Although earnings are expected to grow in Europe and Japan, they are growing at a much slower pace relative to the U.S. The U.S. Dollar Spot Index (DXY) appreciated to a 1-year high in August nearing 97 before tapering off to just above 95 (Figure 4); further advances in DXY will likely signal investor expectations that worldwide exits from quantitative easing outside the U.S. will likely be delayed.
Figure 4 – U.S. Spot Index Reached a 1-Year High Before Tapering Off
Europe is grappling with renewed debt and economic growth issues surrounding Italy as well as expectations that the European Central Bank will delay exiting quantitative easing and normalizing interest rates. Dealing with the Periphery region (notably Italy)and loggerheads over Brexit, the ECB has floated the idea of prolonging the exit from quantitative easing through interim steps like 1)Operation Twist with central bank balance sheet purchases focused on the long end of government yield curves and 2)ending balance sheet purchases by year-end rather than reducing the balance sheet. Growth projections in Europe have already dropped this year, so any further hiccups in region-wide growth will only forestall the end of quantitative easing, now projected to occur in December 2019.
The growth picture in Japan is shaping up to be relatively better as capital spending, particularly spending focused on technology, is providing a boost to core drivers of future growth. Although manufacturing sentiment has leveled off from 1-year peak levels (perhaps due to U.S. tariff threats), the overall business environment for Japan still looks positive (Figure 5).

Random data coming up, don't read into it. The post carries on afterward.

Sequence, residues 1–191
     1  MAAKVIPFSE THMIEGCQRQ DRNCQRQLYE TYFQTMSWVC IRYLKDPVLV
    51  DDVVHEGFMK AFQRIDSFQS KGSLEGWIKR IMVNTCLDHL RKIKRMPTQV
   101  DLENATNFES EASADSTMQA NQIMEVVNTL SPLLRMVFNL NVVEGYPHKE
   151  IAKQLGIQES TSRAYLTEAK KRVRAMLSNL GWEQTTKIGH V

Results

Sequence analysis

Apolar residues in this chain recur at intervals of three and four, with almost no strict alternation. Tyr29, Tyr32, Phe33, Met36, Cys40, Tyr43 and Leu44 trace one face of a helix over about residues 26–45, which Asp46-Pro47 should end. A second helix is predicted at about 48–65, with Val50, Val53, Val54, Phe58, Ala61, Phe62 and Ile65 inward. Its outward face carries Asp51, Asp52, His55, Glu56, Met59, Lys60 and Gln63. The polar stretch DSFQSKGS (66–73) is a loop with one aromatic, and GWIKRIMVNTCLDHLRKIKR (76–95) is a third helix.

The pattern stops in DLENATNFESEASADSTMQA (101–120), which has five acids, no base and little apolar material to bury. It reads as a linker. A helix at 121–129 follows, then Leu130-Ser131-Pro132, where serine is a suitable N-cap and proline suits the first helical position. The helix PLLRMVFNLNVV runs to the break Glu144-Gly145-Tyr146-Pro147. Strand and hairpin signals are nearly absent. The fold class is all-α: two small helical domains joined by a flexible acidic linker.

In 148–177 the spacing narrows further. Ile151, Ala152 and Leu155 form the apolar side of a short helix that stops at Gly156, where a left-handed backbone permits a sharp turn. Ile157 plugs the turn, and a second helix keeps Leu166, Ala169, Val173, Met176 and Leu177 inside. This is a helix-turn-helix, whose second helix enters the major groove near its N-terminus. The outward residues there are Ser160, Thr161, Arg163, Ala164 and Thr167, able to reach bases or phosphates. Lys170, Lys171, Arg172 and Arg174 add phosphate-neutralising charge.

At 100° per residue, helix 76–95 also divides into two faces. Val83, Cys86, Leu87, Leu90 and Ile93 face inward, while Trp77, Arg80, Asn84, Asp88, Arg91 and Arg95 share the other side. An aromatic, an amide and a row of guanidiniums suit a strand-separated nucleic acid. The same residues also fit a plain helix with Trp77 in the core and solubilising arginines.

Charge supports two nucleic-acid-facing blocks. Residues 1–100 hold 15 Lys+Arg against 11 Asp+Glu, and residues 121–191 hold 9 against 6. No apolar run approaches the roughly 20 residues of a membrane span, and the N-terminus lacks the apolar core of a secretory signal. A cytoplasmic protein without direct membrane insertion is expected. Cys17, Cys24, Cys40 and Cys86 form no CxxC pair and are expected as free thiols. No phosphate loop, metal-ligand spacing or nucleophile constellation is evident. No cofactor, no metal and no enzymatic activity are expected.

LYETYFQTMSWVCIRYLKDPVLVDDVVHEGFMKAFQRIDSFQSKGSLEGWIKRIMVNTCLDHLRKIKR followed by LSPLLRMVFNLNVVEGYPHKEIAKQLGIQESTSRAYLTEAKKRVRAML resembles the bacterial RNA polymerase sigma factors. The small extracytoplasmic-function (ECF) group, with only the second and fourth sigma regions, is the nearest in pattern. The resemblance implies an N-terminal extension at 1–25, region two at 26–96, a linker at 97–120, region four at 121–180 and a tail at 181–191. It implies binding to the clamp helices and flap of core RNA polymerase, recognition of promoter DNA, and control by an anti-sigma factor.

Figure 5 – Japan Business Sentiment Has Leveled Off from 1-Year Highs but Still Remains Positive
U.S. Growth Leads All Styles and Sectors
U.S. Small Caps and Growth Stocks (Figure 6a and 6b)continue to benefit from a growth environment that is perceived to be the domain of a handful of highly profitable companies and high growth prospects that have attracted the lion-share of investor capital.
Figures 6a and 6b - U.S. Small Cap and Growth Outperformed Large Caps and Value
As has been the case for much of the year, U.S. technology led all major sectors (Figure 7) followed by consumer discretionary and health care. Late state cyclicals such as industrials, materials, and energy lagged.
Figure 7 – Technology Leads All Major Sectors in August
Among major factors (Figure 8), ‘Momentum’ and ‘Quality’ outperformed ‘Value’ and ‘High Dividend’. It’s been a growth investors market for most of the year with value and dividend focused investors lagging.
Figure 8 – Momentum and Quality Outperform Value and Dividend
There is no denying that the U.S. is experiencing a growth phase much different from the rest of the world. Despite trade war rhetoric, plans for future capital spending expenditures (Figure 9) remain at elevated levels
Figure 9 – Future Capital Spending Sentiment Remains at High Levels
And despite higher interest rates, U.S. financial conditions have sharply recovered from the second quarter while financial stress has declined (Figure 10).
Figure 10 – Easing Financial Conditions Provide More Tailwinds for U.S. Growth
Regardless of U.S. political sentiment, the U.S. remains in the growth driver’s seat, leaving much of the world behind (which will only get exasperated should more trade tariffs be imposed). Perhaps the Trump Administration realizes this and is willing to press forward on trade tariffs in order to ‘cut a better deal.’ Investors have recognized the disparity in growth prospects between the U.S. and the rest of the world which has shown up in the disparity in relative stock market performance.